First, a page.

In their first year of business in the Toledo area, the Farmer Jack and Giant Eagle supermarket chains captured $1 of every $6 spent on food.
The new entrants grabbed customers from area market leaders Kroger, Food Town, and Meijer, each of which lost significant share in the just-released report by TradeDimensions, an industry magazine. The small, independent grocers in the area, as a group, held their ground, the report shows.
Still leading is Kroger, with a 32 percent share of area dollars spent on groceries, according to the report. Food Town was a distant second at 24 percent, and Meijer had 14 percent.
But nipping at Meijer is Detroit-based Farmer Jack, which snared a 12 percent share with six stores, including three former Churchill's Super Markets it bought about a year ago. Somewhat surprising is Giant Eagle, of Pittsburgh, which captured a 4 percent share by opening just one store in the area last year in Rossford.
Industry experts said the market changes are caused in part by the sudden entrance of new players, which disrupted customer loyalty with heavy advertisements of specials. Because the metro area is not noticeably growing in population, competitors have to steal customers from each other. Unknown, the experts said, is whether the shift will last.
``It's not unusual to see a temporary draw to a new store, but we believe it's just temporary,'' said Jean Norcross, a spokesman for Grand Rapids, Mich.-based Spartan Stores, Inc., the owner of Food Town.
Ryan Mathews, a Detroit grocery industry analyst who knows the Toledo market, said, ``It's more than possible somebody could come into a market and make a big splash. One of the best strategies is to come in with a big price cut. To get that shift in behavior initially, you have to offer something pretty spectacular like that.''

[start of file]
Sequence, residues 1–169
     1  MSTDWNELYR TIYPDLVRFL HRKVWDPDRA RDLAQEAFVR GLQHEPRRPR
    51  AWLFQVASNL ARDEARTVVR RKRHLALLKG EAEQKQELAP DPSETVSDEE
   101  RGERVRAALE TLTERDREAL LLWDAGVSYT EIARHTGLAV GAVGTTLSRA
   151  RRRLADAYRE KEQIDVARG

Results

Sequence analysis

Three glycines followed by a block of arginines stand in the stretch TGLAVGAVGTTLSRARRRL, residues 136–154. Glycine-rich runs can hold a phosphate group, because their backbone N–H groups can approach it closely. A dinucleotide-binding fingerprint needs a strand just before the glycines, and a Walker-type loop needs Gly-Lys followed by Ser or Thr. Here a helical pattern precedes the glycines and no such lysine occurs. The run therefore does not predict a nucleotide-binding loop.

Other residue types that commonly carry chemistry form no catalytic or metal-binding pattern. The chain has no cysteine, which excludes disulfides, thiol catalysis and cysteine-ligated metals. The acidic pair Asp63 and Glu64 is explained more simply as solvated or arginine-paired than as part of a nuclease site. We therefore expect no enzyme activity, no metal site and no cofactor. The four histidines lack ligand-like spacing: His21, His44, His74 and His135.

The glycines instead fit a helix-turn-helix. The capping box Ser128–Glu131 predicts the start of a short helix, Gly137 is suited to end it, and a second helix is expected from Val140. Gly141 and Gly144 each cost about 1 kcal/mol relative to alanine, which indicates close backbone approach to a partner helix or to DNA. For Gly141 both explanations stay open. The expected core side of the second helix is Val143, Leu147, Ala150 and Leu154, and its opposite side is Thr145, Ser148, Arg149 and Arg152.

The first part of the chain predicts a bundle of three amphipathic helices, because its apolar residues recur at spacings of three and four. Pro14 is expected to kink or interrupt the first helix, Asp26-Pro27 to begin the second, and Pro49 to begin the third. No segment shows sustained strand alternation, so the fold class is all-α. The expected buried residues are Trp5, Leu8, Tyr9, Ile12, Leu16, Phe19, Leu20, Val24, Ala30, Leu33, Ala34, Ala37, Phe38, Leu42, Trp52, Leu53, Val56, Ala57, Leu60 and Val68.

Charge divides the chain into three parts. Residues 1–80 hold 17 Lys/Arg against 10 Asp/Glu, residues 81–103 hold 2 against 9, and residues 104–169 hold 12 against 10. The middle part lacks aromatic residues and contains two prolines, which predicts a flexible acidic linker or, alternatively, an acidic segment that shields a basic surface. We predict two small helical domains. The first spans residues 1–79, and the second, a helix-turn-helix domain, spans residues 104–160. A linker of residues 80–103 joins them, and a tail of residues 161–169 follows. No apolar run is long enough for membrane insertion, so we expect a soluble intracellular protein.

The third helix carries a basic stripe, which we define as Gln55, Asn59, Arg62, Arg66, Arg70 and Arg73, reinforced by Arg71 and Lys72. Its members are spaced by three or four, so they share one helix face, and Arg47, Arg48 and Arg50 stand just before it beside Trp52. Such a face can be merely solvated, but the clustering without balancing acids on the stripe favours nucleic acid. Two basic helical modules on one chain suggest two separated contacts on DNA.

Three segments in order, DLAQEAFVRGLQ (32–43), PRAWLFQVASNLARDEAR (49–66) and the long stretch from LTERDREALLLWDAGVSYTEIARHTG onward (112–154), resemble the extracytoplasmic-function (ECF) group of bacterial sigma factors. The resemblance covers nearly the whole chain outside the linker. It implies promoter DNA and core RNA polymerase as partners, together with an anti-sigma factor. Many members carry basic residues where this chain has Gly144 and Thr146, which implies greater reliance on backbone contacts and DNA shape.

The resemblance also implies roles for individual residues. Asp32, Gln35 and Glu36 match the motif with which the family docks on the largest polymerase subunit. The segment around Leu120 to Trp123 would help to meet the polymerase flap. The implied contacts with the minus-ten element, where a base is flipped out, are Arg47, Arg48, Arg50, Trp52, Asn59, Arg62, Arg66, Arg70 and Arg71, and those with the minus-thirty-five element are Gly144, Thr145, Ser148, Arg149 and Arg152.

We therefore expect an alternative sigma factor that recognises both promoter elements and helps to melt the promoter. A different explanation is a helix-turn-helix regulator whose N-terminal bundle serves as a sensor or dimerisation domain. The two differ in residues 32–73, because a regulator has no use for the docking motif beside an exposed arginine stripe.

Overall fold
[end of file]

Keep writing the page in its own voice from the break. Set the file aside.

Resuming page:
The analyst with FirstMatter, of Westport, Conn., said he is not surprised Farmer Jack and Giant Eagle have a combined 16 percent market share, but added that whether the weekly advertised specials can last and retain customers is uncertain.
``Price is effective in the short term,” he said. “It is not, however, a long-term strategy, because you can't keep giving the store away forever. Once things normalize, that market share either shifts again or settles in.''
He also cautioned that the market-share figures are based on some firm industry figures and some estimates. Further, market share refers to revenues, not profits, so even if a chain has gained a significant market proportion doesn't mean it is making money and that it can continue at that level, he explained.
The report, the best publicly available statistics on the Toledo area grocery scene, is based on food sales in December at supermarkets in Lucas, Wood, and Fulton counties.
Giant Eagle spokesman Rob Borellasaid the company was pleased but not surprised by the figures.
“We think we positioned it well in the market,'' he said.
Officials of Cincinnati-based Kroger and Farmer Jack did not return phone calls seeking comment.